Feeding And Thinking Of Companion Plants for Disneyland Roses

The journey this year with our three Disneyland Roses has been all about paying just.a.little.bit of attention to them.  Or at least MORE than I have ever done in years past.  It started with mulching them in to overwinter this past Winter.  Then, I transplanted the first one from the backyard to the southside bed before it broke dormancy.  I also decided to feed these roses - for the first time.  I used a bag of Jobe's Organics Knock-out Rose granular food and started the first feeding in late April (posted in early May).  Then, gave them a second feeding one month later - in late May (posted here in late June, despite the feeding being in late May).  Today, I'm posting in early July, but sharing a photo I took of the bag of rose fertilizer that I used in late June.  

This was the third and final rose feeding of the season.  Late April, Late May, Late June.   

When I was out there feeding the three roses - which have bloomed and are getting reset to have a flush of flowers again, I was thinking about what to plant next to them as companions.  I went around the Web and figured out that there are a couple of things that seem to go well with Floribunda Roses:  some to hide the legs of the roses.  And others that you can plant to help ward of pests and diseases.  This story, from The Spruce, talks about both.  I'm keying in one of each.  First, a plant that 'looks good with Floribunda roses':  Nepeta (Catmint).  From the post:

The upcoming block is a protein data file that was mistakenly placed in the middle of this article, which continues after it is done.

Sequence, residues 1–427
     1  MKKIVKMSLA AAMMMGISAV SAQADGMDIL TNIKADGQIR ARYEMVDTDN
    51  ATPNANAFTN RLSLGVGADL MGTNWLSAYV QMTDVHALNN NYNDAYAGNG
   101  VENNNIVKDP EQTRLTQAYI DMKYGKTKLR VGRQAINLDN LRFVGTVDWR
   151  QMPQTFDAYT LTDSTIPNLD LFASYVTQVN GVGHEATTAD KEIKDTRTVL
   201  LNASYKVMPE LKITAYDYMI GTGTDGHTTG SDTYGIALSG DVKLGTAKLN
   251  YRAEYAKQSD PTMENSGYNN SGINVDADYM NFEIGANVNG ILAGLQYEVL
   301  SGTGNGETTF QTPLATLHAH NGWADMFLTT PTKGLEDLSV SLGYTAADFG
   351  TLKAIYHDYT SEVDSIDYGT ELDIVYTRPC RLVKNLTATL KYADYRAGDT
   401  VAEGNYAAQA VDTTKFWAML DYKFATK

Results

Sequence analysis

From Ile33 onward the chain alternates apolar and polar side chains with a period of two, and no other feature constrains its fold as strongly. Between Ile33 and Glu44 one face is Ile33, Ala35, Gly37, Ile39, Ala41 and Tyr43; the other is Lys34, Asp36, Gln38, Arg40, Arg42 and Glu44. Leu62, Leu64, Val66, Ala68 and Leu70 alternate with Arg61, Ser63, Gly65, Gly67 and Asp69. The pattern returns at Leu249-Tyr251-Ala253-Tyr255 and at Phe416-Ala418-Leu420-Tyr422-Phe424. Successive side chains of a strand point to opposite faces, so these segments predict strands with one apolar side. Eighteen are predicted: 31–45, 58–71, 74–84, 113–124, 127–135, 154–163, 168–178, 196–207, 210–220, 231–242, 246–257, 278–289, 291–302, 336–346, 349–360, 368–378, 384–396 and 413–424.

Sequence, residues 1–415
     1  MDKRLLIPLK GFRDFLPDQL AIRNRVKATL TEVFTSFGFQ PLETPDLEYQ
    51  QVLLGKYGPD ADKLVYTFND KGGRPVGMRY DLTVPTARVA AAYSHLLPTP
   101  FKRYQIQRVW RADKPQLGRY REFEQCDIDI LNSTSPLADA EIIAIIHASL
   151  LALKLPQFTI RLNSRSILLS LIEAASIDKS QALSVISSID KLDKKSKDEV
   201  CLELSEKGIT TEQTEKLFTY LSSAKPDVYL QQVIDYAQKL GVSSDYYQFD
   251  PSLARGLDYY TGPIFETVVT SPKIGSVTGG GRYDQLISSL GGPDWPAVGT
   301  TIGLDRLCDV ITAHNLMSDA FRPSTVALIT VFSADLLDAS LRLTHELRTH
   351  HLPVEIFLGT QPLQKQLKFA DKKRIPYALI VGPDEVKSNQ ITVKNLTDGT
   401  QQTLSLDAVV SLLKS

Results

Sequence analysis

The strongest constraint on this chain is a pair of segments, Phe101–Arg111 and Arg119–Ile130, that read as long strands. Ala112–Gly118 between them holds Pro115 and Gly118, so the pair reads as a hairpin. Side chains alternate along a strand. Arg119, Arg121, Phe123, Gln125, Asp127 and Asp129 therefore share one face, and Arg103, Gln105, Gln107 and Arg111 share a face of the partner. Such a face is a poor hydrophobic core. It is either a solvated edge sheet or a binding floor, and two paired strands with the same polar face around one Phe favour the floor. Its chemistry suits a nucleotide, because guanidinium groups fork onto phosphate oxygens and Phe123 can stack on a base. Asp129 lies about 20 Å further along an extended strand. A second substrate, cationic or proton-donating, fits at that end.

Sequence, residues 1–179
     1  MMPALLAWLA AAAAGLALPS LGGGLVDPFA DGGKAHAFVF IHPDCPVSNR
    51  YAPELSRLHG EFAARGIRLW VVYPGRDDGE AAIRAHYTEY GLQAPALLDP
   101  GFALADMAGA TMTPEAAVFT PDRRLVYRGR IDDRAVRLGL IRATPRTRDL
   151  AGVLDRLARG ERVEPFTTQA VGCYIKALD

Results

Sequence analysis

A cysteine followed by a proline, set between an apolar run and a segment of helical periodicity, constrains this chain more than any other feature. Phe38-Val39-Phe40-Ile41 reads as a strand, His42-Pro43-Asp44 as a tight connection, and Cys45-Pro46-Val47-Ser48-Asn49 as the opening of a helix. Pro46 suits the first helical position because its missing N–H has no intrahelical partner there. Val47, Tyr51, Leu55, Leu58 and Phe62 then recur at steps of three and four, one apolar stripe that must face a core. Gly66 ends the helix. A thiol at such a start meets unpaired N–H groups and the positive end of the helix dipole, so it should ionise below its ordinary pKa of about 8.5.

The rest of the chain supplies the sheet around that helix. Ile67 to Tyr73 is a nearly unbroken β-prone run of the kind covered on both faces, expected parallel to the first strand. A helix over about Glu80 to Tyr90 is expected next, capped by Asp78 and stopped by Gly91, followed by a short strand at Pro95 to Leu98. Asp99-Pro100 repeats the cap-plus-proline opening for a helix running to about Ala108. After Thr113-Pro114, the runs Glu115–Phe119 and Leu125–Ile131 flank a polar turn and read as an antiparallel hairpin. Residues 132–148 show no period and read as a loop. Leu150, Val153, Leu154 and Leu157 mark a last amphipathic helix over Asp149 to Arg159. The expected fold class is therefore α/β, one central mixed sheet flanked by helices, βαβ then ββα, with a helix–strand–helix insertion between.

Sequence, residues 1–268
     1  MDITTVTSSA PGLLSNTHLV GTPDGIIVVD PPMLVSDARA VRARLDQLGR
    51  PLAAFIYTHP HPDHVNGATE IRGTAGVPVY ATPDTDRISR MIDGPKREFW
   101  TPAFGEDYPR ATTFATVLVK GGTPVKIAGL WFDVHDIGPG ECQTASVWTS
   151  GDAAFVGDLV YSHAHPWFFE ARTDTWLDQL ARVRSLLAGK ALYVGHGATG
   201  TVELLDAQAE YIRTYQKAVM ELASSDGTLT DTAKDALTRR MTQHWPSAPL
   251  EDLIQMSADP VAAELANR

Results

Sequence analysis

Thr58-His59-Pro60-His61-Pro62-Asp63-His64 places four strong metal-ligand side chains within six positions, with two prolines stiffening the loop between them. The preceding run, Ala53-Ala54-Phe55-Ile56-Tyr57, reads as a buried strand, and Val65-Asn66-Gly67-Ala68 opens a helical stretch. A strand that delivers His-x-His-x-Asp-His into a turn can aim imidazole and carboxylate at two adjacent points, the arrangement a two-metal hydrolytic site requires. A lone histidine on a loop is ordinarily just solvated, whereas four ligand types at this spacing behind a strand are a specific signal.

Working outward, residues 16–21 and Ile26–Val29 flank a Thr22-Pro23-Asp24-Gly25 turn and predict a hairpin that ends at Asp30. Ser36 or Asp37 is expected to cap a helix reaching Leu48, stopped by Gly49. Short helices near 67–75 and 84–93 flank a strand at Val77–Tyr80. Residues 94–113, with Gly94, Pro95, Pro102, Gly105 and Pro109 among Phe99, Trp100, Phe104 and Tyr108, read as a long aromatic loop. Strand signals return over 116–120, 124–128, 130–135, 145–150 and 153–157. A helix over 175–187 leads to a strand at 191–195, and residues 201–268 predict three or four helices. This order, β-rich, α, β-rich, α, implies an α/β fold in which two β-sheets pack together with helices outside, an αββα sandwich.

The feathery purple and blue-gray catmint (Nepeta) beautifully offsets a pale pink rose, and its wispy spires gracefully camouflage any blemishes that may occur on the rose’s foliage.

The other kind of Floribunda companion planting?  Plants that solve problems for roses.  They include ornamental onions or alliums.  From the story:

Roses love garlic. In fact, members of the onion family, such as chives, ornamental alliums, and edible onions, increase the perfume of roses, ward off aphids, and prevent black spot.

I have a couple of drifts of Summer Beauty Ornamental Onions in the backyard that I've been pretty happy with over the past season.  I've come across a few other interesting cultivars of them - like Serendipity - that I've wanted, but haven't bought for lack of a place to plant them.  Now that I know they work well with roses, I *have* a place. 

The other item I've been thinking about for alongside these Disneyland Roses is a pair of espalier'd trees that I could train up the side of the house.   That was on my list for this year, but I haven't - to date - found a pair of trees that I couldn't live without - and didn't have my eyes on the prize at the Morton Arboretum Spring sale this year.  They will have to go my list for next season.  First item for 2022 to-do list?  Companion planting for roses.


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